Summer has officially started in parts of the world, but the jury is still out on its official soundtrack.
The top of the charts is a grab bag, with Harry Styles’ subdued “As It Was” currently at No. 1 on Billboard’s Hot 100. Further down is Kate Bush’s “Running up that Hill” (1985), which made and then climbed the charts after being featured in Netflix’s Stranger Things. Lizzo’s upbeat “About Damn Time,” a muse for TikTok choreographers, is also a favorite, as is Jack Harlow’s Fergie-sampling “First Class.” Beyonce’s new single “Break My Soul,” or anything from her forthcoming album Renaissance, could also be contenders.
But what if there is no song of summer? At least not in a traditional sense. Given larger shifts in music consumption, the top of the Billboard charts, which has historically kept the pulse of musical trends, may no longer be a good yardstick for a song’s success.
What the Billboard charts miss
The diversification and digitalization of music discovery means traditional charts may lack the nuance to capture what’s popular now. For example, pop and reggaeton top Billboard charts at the moment, but Twitter is all about Kpop, and indie jazz and electro are big sellers on Bandcamp. The charts can also miss or underemphasize trends in music streaming, a challenge that Billboard itself has acknowledged. Streaming drove 23% of year-on-year music revenue growth in 2021, accounting for 83% of sales, and a reported 63% of Gen Z stream music daily on platforms like YouTube, Spotify, and Soundcloud—platforms that can also be manipulated to inflate a song’s popularity.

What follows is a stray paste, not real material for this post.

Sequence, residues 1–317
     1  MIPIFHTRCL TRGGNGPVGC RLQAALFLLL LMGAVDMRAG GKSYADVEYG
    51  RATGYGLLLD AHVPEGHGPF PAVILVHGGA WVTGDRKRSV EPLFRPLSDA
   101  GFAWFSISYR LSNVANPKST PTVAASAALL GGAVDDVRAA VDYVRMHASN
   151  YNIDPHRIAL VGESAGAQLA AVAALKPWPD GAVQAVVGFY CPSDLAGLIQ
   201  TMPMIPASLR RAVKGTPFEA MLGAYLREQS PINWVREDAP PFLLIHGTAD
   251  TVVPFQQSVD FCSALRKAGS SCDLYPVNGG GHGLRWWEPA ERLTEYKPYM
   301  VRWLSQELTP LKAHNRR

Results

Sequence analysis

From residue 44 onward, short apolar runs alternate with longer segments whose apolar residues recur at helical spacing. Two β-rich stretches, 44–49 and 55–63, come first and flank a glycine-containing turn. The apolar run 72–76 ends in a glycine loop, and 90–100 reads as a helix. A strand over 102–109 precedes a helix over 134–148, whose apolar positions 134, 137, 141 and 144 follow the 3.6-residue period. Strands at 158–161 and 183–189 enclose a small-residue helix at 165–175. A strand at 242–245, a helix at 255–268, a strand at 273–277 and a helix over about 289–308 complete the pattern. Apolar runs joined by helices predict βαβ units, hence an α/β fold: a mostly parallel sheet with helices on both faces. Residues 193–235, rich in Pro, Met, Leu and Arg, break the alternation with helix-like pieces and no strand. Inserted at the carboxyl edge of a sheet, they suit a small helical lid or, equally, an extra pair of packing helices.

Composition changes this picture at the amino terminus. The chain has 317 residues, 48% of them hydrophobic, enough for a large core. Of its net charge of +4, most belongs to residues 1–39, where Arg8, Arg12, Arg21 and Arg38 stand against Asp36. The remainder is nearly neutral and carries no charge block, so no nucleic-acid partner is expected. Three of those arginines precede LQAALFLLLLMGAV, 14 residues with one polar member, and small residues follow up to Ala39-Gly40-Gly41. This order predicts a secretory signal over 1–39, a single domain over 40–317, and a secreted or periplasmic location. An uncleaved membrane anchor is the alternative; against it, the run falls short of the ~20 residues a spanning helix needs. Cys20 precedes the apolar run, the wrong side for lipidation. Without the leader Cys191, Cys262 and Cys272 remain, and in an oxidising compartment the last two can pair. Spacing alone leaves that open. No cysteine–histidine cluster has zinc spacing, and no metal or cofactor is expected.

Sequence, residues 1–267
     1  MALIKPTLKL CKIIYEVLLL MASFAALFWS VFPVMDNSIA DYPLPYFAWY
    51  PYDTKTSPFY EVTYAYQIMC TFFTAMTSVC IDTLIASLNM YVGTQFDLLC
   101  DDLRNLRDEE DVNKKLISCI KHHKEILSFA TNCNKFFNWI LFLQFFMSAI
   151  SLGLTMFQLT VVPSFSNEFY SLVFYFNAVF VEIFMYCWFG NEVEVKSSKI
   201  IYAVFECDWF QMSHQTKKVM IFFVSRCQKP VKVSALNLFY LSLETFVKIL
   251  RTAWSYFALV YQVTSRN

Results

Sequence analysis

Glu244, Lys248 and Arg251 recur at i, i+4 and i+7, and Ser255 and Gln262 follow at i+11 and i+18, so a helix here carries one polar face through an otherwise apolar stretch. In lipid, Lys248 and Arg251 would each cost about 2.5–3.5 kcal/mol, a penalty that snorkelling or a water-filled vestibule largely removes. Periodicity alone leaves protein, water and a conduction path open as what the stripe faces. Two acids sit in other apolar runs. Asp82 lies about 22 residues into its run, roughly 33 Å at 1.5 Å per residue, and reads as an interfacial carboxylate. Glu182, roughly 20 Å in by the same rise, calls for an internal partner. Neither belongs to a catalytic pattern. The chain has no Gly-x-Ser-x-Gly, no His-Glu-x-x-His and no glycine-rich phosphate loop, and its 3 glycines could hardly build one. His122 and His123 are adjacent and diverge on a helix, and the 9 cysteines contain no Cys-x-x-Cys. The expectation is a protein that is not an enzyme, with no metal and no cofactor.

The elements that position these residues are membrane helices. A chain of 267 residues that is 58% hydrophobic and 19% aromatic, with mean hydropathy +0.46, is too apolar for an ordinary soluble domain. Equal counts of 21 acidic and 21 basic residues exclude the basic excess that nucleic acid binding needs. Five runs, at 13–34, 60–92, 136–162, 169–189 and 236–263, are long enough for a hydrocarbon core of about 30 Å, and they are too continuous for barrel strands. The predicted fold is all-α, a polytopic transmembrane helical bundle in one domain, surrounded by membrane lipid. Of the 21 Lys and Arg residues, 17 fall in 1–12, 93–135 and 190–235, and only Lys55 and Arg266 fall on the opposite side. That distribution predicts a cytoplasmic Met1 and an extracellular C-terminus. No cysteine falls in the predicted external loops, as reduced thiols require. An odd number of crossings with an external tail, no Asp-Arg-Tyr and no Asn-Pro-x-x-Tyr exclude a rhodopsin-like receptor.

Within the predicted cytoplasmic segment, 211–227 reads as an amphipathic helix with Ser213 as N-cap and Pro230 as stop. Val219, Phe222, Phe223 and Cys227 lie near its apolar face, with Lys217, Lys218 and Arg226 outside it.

Then there’s TikTok, arguably the most important new player in determining a song’s virality, and a music-discovery engine that has influenced everything from how long songs are to which album tracks become popular to the all-lowercasing (and all-caps-ing) of song titles. Billboard often fails to pick up viral meme songs, like Louis Theroux’s “Jiggle Jiggle,” which has wiggle-wiggled its way into every corner of the internet. Ironically, physical music is also making its first comeback since 1996, with 2022 vinyl sales hitting modern highs—but the top vinyl titles are completely different from what’s being played on the radio.
Music consumption in the digital age is ultimately becoming more diversified, more personalized, and faster-paced. That means the ease of identifying a single summer bop may be a thing of the past—today’s sound of summer may just depend on how and where you’re getting your music fix.
In honor of this trend, Quartz has put together its own 2022 songs of the summer playlist for your poolside enjoyment. Happy listening!